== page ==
I rode, as a passenger, by the little white stone cottage today. There were people sitting on the porch in those white, wooden rocking chairs; but papaw was not there. He has not been there for a few months now; but every time I go by that cozy little dwelling I look. I look longingly, and I feel a loss that was never really mine to feel in the first place. No one waved to acknowledge me, or even noticed that I was in the vehicle. No one sitting there in the fading light of the day had any idea of the loss that overcomes me when I see that white wooden chair with the green cushion sitting there unoccupied. I suppose it is still too soon for anyone to be sitting in his place. How do you adopt someone into your heart that you do not know, have never spoken to, or have never actually met? It can be done. Yes. It has been done. The funny thing is that I still do not even know his name. He will forever be known in my heart as “papaw.”
The essence of this “relationship” has more to do with my dad and the empty space that was left in my heart at his passing, over seventeen years ago. I understand that all little girls do not have the kind of relationship with their dads that I was blessed to have with mine. We were close and I was his girl. My dad was a gentle giant. He towered at six feet, six inches tall, but had a heart that was so tender. He also, the same as me, was a person of few words. It would drive my mom crazy sometimes that he and I could sit companionably in a room for hours on end without engaging in more than a few words. Who needs words when your hearts are in sync?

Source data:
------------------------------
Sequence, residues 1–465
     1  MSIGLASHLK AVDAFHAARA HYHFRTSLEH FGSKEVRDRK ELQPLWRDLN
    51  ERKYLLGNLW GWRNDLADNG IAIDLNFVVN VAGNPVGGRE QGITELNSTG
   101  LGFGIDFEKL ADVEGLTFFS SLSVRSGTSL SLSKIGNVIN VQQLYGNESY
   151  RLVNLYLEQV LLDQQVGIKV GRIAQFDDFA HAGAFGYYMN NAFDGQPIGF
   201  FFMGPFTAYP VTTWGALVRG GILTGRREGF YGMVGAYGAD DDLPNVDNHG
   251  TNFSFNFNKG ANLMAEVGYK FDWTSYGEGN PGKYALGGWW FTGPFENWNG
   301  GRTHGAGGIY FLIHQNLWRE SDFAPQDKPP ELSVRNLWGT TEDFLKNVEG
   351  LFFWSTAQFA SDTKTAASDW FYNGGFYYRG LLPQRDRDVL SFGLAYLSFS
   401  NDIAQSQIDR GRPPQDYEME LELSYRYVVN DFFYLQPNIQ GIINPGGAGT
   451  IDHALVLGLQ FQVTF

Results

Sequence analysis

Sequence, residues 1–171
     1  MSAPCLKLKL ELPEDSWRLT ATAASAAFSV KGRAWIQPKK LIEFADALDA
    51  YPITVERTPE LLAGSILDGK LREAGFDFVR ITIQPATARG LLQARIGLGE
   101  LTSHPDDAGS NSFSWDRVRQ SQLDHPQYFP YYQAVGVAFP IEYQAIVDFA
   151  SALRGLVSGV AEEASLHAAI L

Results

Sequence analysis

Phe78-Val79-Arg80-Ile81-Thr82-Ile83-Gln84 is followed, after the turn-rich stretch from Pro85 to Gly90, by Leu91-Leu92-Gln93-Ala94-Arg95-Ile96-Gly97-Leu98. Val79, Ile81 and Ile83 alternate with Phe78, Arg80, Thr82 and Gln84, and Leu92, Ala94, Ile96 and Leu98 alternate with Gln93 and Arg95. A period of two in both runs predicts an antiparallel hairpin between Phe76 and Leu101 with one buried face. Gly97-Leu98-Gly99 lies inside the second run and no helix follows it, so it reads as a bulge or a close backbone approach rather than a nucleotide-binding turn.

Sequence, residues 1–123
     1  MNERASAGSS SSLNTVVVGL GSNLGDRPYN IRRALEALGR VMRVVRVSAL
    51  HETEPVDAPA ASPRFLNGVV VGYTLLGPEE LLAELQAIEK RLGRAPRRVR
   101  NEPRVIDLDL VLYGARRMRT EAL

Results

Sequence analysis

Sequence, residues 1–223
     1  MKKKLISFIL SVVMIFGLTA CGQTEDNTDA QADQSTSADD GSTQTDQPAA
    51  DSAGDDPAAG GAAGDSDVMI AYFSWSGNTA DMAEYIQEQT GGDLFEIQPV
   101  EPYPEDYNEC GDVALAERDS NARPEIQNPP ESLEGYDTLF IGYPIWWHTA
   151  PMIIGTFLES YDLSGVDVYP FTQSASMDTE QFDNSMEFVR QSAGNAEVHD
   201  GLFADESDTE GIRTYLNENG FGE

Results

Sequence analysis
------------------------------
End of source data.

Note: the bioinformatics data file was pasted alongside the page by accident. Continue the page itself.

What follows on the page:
My dad was born April 18, 1931, in a little, bitty place named Black Berry City, Kentucky, and ended up spending his early years across the river and over the mountain in south-western West Virginia. This region was known as “The Heart of the Billion Dollar Coal Field.” By the mid-1940’s there were not a lot of opportunities available for young men in this region, outside of the deep, dark caverns of coal, or fleeing toward the big city factory jobs that were seducing southerners northward during that era. My dad chose another option, to enlist in the military. His choice was the United States Air Force. He spent his time “in the service” as it was known, with a tour in Korea during the Korean war. He then came back to little ole Mingo County, West Virginia and met, fell in love and married a curly haired, blue eyed girl who is my mom!